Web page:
Plant roots, more importantly, their Root System Architecture (RSA), play critical roles in many essential plant processes, including:
In general, RSA can be simplistically divided into two types, tap and fibrous root systems. Dicots generally possess tap root systems, comprised of a single embryonically-derived primary root (PR) followed by the development of post-embryonic lateral roots (LRs). Examples of dicots include the model plant Arabidopsis, along with mango, apple, roses, potatoes, pumpkin, spinach, and coffee. In contrast, monocots possess a fibrous root system comprised of multiple embryonically-derived PRs followed by the development of Seminal Roots (SRs), post-embryonic shoot borne root and LRs. Examples of monocts include wheat, maize, rice, bananas, grasses, and palms. The RSA is determined in part by the genotype of the plant and is greatly influenced by the environment of the growing root. This environment includes soil texture, watere, nitrogen, phosphorus, and signals and metabolites provided by members of the soil microbiome that associate with the growing root.
Although bulk soil not in contact or influenced by roots contains an incredibly diverse microbial community, the microbial community associated with plant roots (the rhizosphere) is much lower in diversity but significantly higher both in overall population numbers (1010 – 1012 cells per gram rhizosphere soil) and specific subsets of the bulk community. The root plays the major determinative role in deciding which members of this surrounding microbial community are recruited to the rhizosphere due to its effects on the surrounding soil and by the release actively or passively of root secretions, commonly referred to as exudates. These exudates are believed to drive the rhizosphere. The term ‘rhizosphere,’first defined by Lorenz Hiltner in 1904, is generally considered to be composed of three functional compartments, the ‘endorhizosphere’, the ‘rhizoplane’, and the ‘ectorhizosphere’. Plant roots secrete or release exudates, volatiles, metabolically active root border cells and additional polymers into the surrounding soil. It is estimated that approximately 10-250 mg fixed Carbon per gram root is released which represents between 10-40% of their total photosynthetic fixed Carbon.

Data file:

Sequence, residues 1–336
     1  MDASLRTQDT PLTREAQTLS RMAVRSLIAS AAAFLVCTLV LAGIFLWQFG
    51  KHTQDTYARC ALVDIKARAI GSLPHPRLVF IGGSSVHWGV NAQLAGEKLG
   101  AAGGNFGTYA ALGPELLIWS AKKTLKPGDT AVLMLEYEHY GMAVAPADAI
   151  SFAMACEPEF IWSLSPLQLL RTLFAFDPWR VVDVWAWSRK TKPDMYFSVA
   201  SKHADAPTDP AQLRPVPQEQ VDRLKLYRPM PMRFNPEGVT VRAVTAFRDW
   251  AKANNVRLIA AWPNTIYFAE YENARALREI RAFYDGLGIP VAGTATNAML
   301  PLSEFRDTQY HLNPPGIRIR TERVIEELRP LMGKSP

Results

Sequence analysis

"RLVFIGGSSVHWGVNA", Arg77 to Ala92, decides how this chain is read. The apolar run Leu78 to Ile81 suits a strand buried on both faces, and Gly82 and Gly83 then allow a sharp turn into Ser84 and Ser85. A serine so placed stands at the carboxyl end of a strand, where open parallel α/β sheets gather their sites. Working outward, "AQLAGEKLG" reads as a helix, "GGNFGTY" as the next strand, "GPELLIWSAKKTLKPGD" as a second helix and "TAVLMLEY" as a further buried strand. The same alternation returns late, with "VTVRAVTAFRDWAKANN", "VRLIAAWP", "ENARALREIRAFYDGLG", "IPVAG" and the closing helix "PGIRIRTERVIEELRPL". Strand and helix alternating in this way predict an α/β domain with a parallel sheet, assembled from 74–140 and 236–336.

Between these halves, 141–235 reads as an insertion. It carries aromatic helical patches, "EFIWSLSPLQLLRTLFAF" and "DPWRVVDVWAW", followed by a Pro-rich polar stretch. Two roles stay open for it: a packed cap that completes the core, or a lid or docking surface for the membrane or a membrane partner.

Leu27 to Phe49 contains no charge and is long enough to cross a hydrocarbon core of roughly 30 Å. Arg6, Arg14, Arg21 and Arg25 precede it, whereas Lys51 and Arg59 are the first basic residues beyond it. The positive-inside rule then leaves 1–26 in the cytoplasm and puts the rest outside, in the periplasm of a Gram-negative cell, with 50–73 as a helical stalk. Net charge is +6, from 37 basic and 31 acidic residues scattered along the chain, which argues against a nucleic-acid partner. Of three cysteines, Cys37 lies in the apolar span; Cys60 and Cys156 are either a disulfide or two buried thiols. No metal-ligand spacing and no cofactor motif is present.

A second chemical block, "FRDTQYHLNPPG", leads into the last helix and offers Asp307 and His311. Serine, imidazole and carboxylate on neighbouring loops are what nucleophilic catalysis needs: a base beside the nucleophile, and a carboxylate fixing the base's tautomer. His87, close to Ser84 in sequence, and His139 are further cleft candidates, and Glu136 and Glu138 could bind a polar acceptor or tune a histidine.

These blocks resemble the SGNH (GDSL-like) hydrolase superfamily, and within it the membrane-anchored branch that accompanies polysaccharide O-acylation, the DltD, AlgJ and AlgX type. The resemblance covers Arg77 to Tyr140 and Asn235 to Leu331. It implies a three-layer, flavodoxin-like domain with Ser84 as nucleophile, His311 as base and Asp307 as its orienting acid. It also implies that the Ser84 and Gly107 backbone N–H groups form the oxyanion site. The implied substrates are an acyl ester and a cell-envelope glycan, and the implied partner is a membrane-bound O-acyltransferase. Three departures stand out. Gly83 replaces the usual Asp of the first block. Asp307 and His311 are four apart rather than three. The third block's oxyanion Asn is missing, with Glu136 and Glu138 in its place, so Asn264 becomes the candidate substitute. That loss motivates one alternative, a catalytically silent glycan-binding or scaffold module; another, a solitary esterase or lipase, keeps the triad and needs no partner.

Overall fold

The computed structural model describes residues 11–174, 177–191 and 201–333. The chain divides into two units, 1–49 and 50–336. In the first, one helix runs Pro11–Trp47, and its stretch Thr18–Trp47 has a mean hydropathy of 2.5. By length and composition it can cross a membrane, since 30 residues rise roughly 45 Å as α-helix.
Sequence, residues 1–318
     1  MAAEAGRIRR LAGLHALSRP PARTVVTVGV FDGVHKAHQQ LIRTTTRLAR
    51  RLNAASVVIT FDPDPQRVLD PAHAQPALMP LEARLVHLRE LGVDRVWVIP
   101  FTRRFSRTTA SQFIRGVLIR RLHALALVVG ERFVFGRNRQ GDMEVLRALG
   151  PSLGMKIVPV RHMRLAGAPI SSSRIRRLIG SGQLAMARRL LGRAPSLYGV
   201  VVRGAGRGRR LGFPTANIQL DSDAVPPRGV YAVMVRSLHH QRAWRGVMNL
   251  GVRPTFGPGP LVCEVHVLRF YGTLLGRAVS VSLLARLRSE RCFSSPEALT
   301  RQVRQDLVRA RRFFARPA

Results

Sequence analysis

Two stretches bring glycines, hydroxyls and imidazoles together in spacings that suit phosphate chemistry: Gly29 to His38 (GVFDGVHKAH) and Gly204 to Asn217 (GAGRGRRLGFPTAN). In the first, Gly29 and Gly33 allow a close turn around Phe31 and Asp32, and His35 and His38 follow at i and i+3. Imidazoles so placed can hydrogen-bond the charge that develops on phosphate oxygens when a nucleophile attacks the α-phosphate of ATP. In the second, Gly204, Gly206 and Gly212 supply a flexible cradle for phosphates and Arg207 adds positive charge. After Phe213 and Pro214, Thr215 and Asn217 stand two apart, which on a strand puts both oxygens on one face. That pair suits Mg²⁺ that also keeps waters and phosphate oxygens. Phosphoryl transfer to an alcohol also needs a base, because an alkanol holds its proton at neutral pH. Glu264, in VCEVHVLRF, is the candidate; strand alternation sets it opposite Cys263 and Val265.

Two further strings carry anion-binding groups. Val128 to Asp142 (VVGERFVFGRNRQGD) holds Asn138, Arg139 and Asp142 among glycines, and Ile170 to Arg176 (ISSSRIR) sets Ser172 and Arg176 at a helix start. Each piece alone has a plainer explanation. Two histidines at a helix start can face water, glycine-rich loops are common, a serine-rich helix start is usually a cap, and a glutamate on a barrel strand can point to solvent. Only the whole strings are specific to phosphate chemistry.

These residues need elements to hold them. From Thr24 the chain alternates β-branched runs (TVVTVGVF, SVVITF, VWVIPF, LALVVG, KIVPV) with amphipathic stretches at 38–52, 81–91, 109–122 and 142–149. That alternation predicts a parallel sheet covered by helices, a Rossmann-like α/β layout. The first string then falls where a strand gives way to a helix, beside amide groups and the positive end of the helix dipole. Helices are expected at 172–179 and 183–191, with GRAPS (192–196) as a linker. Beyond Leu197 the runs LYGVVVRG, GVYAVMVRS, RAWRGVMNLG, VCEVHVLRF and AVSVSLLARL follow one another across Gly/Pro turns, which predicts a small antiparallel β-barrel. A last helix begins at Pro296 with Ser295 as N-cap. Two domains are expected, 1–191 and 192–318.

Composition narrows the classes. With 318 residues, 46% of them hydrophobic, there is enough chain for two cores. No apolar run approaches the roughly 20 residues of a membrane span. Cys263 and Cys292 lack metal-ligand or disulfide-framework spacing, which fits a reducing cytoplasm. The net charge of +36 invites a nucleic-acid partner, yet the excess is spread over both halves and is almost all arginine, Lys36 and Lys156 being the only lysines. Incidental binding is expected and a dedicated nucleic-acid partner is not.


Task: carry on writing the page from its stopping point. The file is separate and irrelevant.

It is widely recognized that belowground interactions between plant roots and microorganisms, both pathogenic and beneficial, have vast effects on interactions that occur between plant leaves and stems and microorganisms and insects aboveground. This coordination of activities is mediated by a complex cascade of hormonal signaling within the plant accompanied by metabolic alterations. It is logical that since plants evolved from the earliest in the presence of microorganisms that they are dependent on many positive effects mediated by these microorganisms. These microorganisms either exist as saprophytes on the exterior of the plant or as endophytes within the plant. Due to the large diversity of microbial types in soil of which subsets comprise the rhizosphere community of a particular host plant, the majority of beneficial interactions between microorganisms and plants occurs in the rhizosphere. In essence, many of the aboveground plant characteristics we observe represent the a co-evolution between the roots and the rhizosphere community. As stated by Pineda et al. 2015, it is “not surprising that roots are now being considered the key of the second green revolution.”
Field studies infer that the microbial community may be controlled by a few major plant alleles, rather than by many alleles of small effect located across the genome (Peiffer et al 2013). Therefore, understanding root biology and the root microbiome will lead to the ability to improve the coordination among these intimate communities to make intelligent choices in plant breeding for improved root function to improve water use efficiency, nutrient uptake, and pathogen inhibition over a range of abiotic and biotic stresses. This approach is clearly in line with the goal of the National Research Council, to achieve farming systems that are productive, profitable, energy conserving, environmentally sound, conserving of natural resources, and that ensure food safety and quality.